CHICAGO—Experts in the Chicago region’s industrial market predicted earlier this year that enough demand existed to fill up the many speculative projects coming out of the ground. According to a new report from Colliers International, their prediction seems to be coming true.
The vacancy rate for the Chicago market’s big box product, defined as modern distribution buildings 200,000 square feet and larger with ceiling clear heights of at least 28 feet, decreased by 41 bps to 9.23 percent during the first quarter of 2018, according to Colliers.
“This represents the first improvement to the vacancy rate in two years, during which vacant speculative construction deliveries resulted in a steadily increasing vacancy rate, even while net absorption remained positive,” Colliers says.
Tenants signed twenty new leases in big box buildings during the first quarter, totaling 3.7 million square feet, the greatest quarterly new leasing volume since 2016. This activity, combined with two build-to-suit completions and 2.8 million square feet of new vacancies being introduced during the quarter, resulted in a net absorption total of 3.5 million square feet.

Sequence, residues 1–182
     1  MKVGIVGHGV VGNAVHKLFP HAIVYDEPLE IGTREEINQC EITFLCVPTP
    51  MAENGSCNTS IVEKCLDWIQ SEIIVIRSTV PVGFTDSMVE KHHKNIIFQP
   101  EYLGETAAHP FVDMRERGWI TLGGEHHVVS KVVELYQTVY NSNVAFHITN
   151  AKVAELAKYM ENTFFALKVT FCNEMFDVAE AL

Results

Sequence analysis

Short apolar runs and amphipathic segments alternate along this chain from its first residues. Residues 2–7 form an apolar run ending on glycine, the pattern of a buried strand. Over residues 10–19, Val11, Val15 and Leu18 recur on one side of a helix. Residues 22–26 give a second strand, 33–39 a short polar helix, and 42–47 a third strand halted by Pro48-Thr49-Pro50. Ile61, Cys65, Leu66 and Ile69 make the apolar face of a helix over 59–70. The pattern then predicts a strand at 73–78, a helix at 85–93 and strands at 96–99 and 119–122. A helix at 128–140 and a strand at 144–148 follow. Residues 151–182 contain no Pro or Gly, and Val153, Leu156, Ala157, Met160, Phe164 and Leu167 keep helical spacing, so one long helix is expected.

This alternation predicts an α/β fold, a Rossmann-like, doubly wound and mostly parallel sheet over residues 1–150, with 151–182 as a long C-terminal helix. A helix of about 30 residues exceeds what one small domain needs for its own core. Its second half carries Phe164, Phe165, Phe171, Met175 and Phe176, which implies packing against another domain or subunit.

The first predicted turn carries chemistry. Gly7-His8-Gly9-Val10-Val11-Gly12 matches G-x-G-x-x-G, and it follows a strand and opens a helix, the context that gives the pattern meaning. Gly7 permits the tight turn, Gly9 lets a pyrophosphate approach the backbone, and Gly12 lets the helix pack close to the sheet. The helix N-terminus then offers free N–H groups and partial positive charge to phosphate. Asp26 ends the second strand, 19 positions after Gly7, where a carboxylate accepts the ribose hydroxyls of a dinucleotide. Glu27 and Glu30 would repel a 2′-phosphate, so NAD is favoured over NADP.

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Developers have finally slowed down the pace of construction. Only four big box buildings totaling 2.8 million square feet of new supply were completed during the first quarter, the least amount of deliveries since the first quarter of 2016. Builders now have fifteen big box projects under construction, totaling 5.7 million square feet, about one-third of the 17 million square feet under construction one year ago.